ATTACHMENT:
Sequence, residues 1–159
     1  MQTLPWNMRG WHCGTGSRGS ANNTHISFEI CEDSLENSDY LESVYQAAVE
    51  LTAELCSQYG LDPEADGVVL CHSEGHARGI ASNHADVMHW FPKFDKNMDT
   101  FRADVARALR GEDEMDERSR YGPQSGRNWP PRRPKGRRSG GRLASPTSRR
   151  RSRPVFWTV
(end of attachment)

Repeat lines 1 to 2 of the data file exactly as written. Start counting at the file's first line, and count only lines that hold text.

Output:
Sequence, residues 1–159
     1  MQTLPWNMRG WHCGTGSRGS ANNTHISFEI CEDSLENSDY LESVYQAAVE